I’ve posted about this before, and I’m posting about it again because it’s something I’m struggling with. Nearly everything I’ve planned for this year has changed due to circumstances beyond my control, and I’m not upset about it. I’m just trying to figure out how to cope. And I really think that’s part of the danger of planning too well. When life throws you a curve ball, you don’t always know how to hit it because you’re too busy looking in all the directions you think it might go instead of watching the ball itself.

Tractor tracks on Pleasant Valley Road, Haven, KS

Tractor tracks on Pleasant Valley Road, Haven, KS

Today’s verses are Proverbs 4:25-26.

Look straight ahead,
and fix your eyes on what lies before you.
Mark out a straight path for your feet;
stay on the safe path.

When you have so many things happening, so many issues to take care of, so many things going wrong or even going right in some instances, it’s really easy to let your focus slide. That doesn’t sound possible, but it happens, doesn’t it? Or maybe it just happens to me. I find that when one plan changes, it changes all my other plans. So while I’m scrambling trying to make sense of the rest of my life and salvage what I can from my plans that are falling through, I neglect the reason the first plan changed. And usually it’s because of something happening right in front of me.

I get focused on the future. I get focused on what might happen. I get focused on the plans that aren’t even taking shape yet, and I forget about what’s happening today. Maybe that’s part of being a big picture person. Maybe that’s because I don’t like detail. I don’t know, but it’s not a very smart way to live because instead of hitting home runs, the balls keep hitting me.

So I needed today’s verses. I need to remember to look straight ahead at what is right in front of me. It’s not bad to look to the future. It’s not bad to plan for what might happen, but we can’t forget what’s happening right now.

We can’t control tomorrow. Honestly, we can’t even control what happens today. We can only control how we react to what happens today, and that has more power over what happens tomorrow than any of our careful planning.

And when you get focused on what’s in front of you, don’t get distracted looking at the sides. Don’t let your focus drift. Nothing wastes more time (time that you probably don’t have) than fooling around with issues that aren’t even on the road you’re walking.

Taking an alternative route is fine as long as it’s God who leads you down that path, but if you’re getting off the road He set you on just to satisfy your own curiosity or to make someone else happy, you’re asking to get lost.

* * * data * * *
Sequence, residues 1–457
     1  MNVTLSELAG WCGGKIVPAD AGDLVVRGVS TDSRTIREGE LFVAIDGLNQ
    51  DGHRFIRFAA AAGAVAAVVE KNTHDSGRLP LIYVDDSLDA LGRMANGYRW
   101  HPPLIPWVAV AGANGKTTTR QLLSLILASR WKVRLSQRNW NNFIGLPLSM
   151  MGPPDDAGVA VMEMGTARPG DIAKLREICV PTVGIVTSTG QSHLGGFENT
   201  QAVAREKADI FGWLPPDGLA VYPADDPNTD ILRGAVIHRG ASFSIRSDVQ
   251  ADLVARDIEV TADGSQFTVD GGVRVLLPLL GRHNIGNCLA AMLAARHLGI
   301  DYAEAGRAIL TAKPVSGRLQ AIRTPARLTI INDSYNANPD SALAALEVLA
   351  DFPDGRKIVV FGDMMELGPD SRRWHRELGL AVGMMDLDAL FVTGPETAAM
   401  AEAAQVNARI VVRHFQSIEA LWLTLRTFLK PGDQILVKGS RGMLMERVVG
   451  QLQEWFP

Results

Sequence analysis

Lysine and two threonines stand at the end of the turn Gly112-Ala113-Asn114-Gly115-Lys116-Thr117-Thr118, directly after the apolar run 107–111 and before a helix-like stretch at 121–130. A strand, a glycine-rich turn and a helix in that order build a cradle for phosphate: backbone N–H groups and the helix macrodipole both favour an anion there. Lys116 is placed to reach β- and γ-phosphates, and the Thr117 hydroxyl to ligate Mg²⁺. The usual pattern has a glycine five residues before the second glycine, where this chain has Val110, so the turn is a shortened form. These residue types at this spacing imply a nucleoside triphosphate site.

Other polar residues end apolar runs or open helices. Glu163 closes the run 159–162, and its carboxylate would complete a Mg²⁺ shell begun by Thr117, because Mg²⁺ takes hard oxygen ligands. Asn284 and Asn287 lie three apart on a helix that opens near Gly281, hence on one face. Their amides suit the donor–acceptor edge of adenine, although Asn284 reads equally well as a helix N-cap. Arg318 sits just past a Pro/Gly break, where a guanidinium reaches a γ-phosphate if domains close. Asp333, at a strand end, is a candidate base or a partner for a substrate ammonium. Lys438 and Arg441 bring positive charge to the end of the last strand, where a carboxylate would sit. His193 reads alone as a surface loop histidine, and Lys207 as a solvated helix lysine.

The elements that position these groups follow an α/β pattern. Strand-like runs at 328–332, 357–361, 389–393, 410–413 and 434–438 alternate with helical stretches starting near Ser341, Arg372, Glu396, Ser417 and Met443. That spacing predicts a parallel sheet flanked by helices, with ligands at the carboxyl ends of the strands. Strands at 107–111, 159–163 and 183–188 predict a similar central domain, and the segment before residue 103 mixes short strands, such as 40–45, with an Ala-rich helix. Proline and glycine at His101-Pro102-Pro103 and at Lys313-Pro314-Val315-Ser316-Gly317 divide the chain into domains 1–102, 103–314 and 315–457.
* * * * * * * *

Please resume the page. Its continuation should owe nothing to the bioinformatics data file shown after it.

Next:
Keep your eyes straight ahead. Plan where you’re going today. Have an idea of what you’re going to do tomorrow, but don’t count on it too strongly because you don’t know what’s going to happen. The only thing you should believe in 100% when it comes to planning is that God’s going to do what He’s going to do, and it will be better than what you’ve got planned.

So walk straight. Deal with what’s in front of you, and don’t worry when your plans change. In my experience, even if the change isn’t welcome, it will work out for the better in the end.

Shoveled versus unshoveled at Safe Haven Farm, Haven, KS

God saves people who rest in Him

Have you ever sacrificed rest for productivity? You needed to get something done and even though you really needed to recharge before you started it, you plowed ahead anyway? How did that turn out? Were you as productive as you could have been?

I do this more often than I’m comfortable admitting, and even though I usually do accomplish most everything on my to-do list, most of it wouldn’t quality as excellent. And in other situations, especially at work, when I need to revise something over and over again, I get really frustrated. Not at the project, not at the person asking for revisions, but at myself.

Performance-driven perfectionist, remember? If I don’t get something perfect on the first go-round, I can manage, if I can fix it immediately and exceed all expectations. But if it goes through a second round? Or a third round? Or a fourth round? My brain can barely handle it. And if I’m trying to do all of that when I haven’t rested properly, I can pretty much guarantee I’ll hit the irrational level where I convince myself that I’m not any good at what I’m doing.

But when you’re busy and stressed and overwhelmed with things that need to get done, how can you step back and rest? Won’t that make it impossible to accomplish anything?


Shoveled versus unshoveled at Safe Haven Farm, Haven, KS

Shoveled versus unshoveled at Safe Haven Farm, Haven, KS

Today’s verse is Isaiah 30:15.

This is what the Sovereign Lord,
    the Holy One of Israel, says:
“Only in returning to me
    and resting in me will you be saved.
In quietness and confidence is your strength.

This is the part of faith that I have the most trouble with–not believing but accepting. I always feel like I have to do something. I can’t just sit and wait for God to act. I need to be the one with the initiative. I need to be the one driving the project. I need to be the one making the decisions. But that’s not how God works all the time.